In line with the Adaptive Delta Management approach of the Dutch Delta Programme,Dordrecht has developed a multi-layer safety strategy to meet the future tasking for flood riskmanagement. This strategy puts greater emphasis on limiting the consequences of floods through spatialplanning (layer 2) and emergency management (layer 3), in addition to protection from floods throughdikes (layer 1). The reasoning process and measures related to the new strategy are as follows.The proposal of the Delta Programme sub-programme Safety for updating the protection standards hasmade it possible to invest in strengthening specific dike segments, where it is most cost-efficient. Bytransforming the northeastern dike segment into an extra strong dike, Dordrecht can be safer than with aneconomically optimal standard for the entire dike ring -- for about the same cost. This targeted measure inlayer 1 is sufficient to meet the basic safety level (chance of fatalities is not higher than 1/100,000) andreduces the risk of social disruption (large groups of casualties) to virtually none.Economic damages and casualties due to a dike breach in the Northwest or in the South can be reducedby using regional defences as compartmentalisation (layer 2). In addition, compartmentalisation of thedike ring area enables the creation of a "safe haven" for preventive evacuation on the island itself (layer3). This also calls for thorough preparation for floods, e.g. by robust design of critical infrastructurenetworks and improved risk and crisis communication.The multi-layer safety strategy for Dordrecht ensures that the objectives for flood risk management aremet in a timely and efficient manner, that opportunities for mainstreaming adaptation and for spatioeconomicdevelopment are taken advantage of, and that unnecessary costs of potentially irreversiblemeasures are avoided.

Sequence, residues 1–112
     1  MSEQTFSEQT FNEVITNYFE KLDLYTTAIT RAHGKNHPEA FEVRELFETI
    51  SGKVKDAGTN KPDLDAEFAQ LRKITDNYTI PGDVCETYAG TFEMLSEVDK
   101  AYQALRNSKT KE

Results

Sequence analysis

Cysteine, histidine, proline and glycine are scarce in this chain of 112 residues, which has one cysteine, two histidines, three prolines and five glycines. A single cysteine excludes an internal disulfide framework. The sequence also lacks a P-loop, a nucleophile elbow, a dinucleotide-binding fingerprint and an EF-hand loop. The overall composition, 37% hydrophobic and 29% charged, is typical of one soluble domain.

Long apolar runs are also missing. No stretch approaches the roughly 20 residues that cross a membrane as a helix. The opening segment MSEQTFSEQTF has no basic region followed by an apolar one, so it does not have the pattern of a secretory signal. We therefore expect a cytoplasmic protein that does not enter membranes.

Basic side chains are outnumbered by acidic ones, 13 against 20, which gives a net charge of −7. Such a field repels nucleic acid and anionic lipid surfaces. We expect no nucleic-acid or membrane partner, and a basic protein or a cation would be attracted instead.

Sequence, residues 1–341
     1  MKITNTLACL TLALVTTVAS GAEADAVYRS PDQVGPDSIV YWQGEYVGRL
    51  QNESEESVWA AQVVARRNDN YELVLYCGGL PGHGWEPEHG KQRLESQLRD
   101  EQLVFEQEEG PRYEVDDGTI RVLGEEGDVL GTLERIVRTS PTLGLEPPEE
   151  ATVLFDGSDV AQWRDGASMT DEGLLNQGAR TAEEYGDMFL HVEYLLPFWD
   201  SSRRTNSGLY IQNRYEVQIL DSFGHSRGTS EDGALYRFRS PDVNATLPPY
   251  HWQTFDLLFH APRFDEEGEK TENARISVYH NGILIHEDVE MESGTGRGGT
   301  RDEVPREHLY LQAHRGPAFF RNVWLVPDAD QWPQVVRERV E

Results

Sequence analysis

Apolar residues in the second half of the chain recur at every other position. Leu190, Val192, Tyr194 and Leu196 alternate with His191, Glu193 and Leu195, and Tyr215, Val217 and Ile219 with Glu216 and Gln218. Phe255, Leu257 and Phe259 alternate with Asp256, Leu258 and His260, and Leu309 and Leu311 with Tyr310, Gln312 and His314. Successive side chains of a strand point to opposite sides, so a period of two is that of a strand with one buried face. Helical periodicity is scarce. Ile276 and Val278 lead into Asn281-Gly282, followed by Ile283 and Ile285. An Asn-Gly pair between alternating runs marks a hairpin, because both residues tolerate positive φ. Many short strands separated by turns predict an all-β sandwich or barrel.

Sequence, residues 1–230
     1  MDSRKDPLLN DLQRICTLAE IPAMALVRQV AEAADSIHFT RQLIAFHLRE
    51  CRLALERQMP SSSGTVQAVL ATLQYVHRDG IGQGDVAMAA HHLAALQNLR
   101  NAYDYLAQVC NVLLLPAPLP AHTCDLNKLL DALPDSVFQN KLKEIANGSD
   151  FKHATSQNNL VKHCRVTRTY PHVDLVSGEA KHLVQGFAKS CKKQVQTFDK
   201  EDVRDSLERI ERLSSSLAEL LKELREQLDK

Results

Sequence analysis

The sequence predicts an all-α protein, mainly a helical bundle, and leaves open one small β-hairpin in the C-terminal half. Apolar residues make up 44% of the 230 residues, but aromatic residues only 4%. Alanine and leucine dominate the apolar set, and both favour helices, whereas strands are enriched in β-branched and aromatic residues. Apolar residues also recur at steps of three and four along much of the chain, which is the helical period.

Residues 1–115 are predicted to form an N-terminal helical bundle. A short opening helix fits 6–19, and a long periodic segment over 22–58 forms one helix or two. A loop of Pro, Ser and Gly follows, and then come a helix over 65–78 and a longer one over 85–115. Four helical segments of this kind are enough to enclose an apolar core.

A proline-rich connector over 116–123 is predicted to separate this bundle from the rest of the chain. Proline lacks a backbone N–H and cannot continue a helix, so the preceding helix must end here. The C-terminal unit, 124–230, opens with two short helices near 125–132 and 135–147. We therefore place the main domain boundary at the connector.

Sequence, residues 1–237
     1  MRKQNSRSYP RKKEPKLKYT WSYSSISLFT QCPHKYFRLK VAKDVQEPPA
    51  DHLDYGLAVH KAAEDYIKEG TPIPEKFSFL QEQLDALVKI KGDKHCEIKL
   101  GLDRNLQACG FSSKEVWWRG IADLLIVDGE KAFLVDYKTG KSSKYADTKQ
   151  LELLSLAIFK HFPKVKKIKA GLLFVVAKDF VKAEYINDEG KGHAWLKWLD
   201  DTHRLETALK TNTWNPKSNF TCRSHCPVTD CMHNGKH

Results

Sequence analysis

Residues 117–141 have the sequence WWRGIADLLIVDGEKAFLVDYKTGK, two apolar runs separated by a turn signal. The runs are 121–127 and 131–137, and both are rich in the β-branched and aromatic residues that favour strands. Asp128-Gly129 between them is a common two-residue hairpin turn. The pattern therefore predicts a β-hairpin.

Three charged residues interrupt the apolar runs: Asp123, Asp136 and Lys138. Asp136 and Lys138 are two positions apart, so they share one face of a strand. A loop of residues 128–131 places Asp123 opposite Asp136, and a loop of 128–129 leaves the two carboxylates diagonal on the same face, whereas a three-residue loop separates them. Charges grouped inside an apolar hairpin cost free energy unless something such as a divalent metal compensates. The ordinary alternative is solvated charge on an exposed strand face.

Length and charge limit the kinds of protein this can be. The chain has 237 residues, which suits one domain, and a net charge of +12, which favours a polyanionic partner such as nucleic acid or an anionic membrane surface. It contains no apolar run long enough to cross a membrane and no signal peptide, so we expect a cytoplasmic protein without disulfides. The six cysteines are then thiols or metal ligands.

Effects of Climate Change on Flood Risk and Sustainable Development in South Africa (PAP014716) - Full Paper
Keywords: Climate Change, Distribution Models, Flood Frequency, Peak Discharges, Rainfall
Subject: Impact of climate change on flood risk
Abstract:
Climate change poses a great risk to South Africa which has a dual agricultural economy. In the recent years, the country has experienced extreme weather events with floods resulting from higher than normal rainfall. The negative impacts manifest in infrastructure damage, disruption in the supply of agricultural products and damage to crops. In order to understand the dynamics involved in the effects of climate change, peak discharges for Luvuvhu River catchment were used to evaluate flood frequencies, based on flood events with a certain probability of occurrence or exceedance. Frequency distributions were used to describe historical characteristics and magnitudes of floods. Flood peaks corresponding to 2, 5, 10, 50, 100 and 200 years were estimated for flood prevention. The extreme value analysis showed that the Gumbel and Log Pearson type III distributions provided the best fit which could be used to derive the probability of occurrence of flood events. The results showed a general increase in the frequency of extreme rainfall events, accompanied by floods of higher magnitude for the small to medium floods.